Could we not say the answer is (a) or 10 since in the PF (2)(3)(3)(5)(11) 2x5=10? I did the same methodology as you but I concluded that it would be (a) since with the pf we can come up with 10

    Post Thu May 19, 2016 3:40 pm
    prada wrote:
    Brent@GMATPrepNow wrote:
    josh80 wrote:
    If n is a positive integer and product of all the integers from 1 to n, inclusive, is a multiple of 990, what is the least possible value of n?

    A) 10
    B) 11
    C) 12
    D) 13
    E) 14
    A lot of integer property questions can be solved using prime factorization.
    For questions involving divisibility, divisors, factors and multiples, we can say:
    If N is divisible by k, then k is "hiding" within the prime factorization of N
    Similarly, we can say:
    If N is is a multiple of k, then k is "hiding" within the prime factorization of N

    Examples:
    24 is divisible by 3 <--> 24 = 2x2x2x3
    70 is divisible by 5 <--> 70 = 2x5x7
    330 is divisible by 6 <--> 330 = 2x3x5x11
    56 is divisible by 8 <--> 56 = 2x2x2x7

    So, if if some number is a multiple of 990, then 990 is hiding in the prime factorization of that number.

    Since 990 = (2)(3)(3)(5)(11), we know that one 2, two 3s, one 5 and one 11 must be hiding in the prime factorization of our number.

    For 11 to appear in the product of all the integers from 1 to n, n must equal 11 or more.
    So, the answer is B

    Cheers,
    Brent
    Hi Brent,

    Could we not say the answer is (a) or 10 since in the PF (2)(3)(3)(5)(11) 2x5=10? I did the same methodology as you but I concluded that it would be (a) since with the pf we can come up with 10
    Since 11 is a factor of 990, we need 11 to be included in the product. So, n cannot equal 10.

    Cheers,
    Brent

    _________________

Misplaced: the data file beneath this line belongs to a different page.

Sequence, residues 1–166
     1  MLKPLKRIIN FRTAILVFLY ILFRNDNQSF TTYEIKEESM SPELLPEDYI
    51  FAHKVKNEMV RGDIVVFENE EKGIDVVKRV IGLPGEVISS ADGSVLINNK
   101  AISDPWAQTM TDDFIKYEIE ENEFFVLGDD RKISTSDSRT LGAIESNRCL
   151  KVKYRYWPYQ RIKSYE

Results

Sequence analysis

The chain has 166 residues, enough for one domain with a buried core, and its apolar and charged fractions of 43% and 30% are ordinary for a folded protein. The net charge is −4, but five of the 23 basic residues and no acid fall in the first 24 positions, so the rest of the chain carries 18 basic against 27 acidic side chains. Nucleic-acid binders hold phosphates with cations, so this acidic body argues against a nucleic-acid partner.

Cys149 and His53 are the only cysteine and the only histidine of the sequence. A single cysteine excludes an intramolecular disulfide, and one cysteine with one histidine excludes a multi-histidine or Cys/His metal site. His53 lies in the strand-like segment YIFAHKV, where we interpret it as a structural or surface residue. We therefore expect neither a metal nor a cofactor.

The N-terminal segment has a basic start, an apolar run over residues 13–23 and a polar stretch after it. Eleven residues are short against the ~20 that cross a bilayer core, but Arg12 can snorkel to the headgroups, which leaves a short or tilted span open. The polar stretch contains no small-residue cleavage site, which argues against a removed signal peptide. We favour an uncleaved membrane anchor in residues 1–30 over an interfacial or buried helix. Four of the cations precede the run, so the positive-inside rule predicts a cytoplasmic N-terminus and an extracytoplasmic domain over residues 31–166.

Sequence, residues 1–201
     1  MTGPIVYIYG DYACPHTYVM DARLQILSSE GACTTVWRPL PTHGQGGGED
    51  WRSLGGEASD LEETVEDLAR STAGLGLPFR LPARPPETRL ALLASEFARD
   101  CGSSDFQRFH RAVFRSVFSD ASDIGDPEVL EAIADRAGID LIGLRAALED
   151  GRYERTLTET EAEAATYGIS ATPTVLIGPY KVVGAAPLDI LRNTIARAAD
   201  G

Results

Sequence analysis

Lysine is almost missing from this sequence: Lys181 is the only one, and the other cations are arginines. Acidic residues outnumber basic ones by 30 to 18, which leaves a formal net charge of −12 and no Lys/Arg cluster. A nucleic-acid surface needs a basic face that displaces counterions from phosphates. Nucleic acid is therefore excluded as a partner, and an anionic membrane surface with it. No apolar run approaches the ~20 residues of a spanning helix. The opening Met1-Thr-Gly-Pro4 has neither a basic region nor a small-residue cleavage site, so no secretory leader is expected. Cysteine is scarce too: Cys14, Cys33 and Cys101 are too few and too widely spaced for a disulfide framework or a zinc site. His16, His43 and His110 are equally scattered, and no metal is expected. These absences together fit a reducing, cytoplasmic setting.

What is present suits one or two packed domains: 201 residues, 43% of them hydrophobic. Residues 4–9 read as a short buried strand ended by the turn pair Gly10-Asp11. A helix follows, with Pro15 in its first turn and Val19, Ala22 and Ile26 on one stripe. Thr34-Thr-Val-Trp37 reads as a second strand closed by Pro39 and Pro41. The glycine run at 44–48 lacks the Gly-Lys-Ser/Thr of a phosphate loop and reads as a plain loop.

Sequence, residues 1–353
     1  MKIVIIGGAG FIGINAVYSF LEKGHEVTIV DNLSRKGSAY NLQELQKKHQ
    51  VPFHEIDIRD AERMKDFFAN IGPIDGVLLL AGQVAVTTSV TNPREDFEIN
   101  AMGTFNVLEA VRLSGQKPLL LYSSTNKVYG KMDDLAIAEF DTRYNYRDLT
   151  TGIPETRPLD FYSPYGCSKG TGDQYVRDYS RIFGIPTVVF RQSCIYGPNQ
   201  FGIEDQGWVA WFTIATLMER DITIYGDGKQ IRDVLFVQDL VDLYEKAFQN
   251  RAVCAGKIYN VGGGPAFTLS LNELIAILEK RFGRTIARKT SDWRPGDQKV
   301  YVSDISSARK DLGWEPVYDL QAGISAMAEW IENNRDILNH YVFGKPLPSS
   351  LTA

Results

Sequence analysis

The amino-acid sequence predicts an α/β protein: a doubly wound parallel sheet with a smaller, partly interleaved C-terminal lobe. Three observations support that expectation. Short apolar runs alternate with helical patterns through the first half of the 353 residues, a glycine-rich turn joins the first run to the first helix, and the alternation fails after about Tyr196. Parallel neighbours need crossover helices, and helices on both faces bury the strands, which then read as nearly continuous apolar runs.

Brent Hanneson – Founder of GMATPrepNow.com
    Use our video course along with Beat The GMAT's free 60-Day Study Guide

    Enter our contest to win a free course.

    Thanked by: prada
    GMAT Prep Now's comprehensive video course can be used in conjunction with Beat The GMAT’s FREE 60-Day Study Guide and reach your target score in 2 months!
    Post Thu May 19, 2016 3:40 pm
    Hi prada,

    For a number to be a multiple of 990, that number must have the exact same prime factors (including duplicates) as 990 (but may have "extra" prime factors as well).

    This prompt adds the extra stipulation that N has to be as SMALL as possible, so after factoring 990, we need to find the smallest product that "holds" the 2, 5, 11, and two 3s that make up 990. 10! does NOT have the "11" that we need.

    1(2)(3)(4)....(11) is the smallest product that does that, so N = 11.

    Final Answer: B

    GMAT assassins aren't born, they're made,
    Rich

    _________________
    Contact Rich at Rich.C@empowergmat.com

    Thanked by: prada
    prada Rising GMAT Star Default Avatar
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    Post Thu May 19, 2016 3:46 pm
    Rich.C@EMPOWERgmat.com wrote:
    Hi prada,

    For a number to be a multiple of 990, that number must have the exact same prime factors (including duplicates) as 990 (but may have "extra" prime factors as well).

    This prompt adds the extra stipulation that N has to be as SMALL as possible, so after factoring 990, we need to find the smallest product that "holds" the 2, 5, 11, and two 3s that make up 990. 10! does NOT have the "11" that we need.

    1(2)(3)(4)....(11) is the smallest product that does that, so N = 11.

    Final Answer: B

    GMAT assassins aren't born, they're made,
    Rich
    Thanks Rich Smile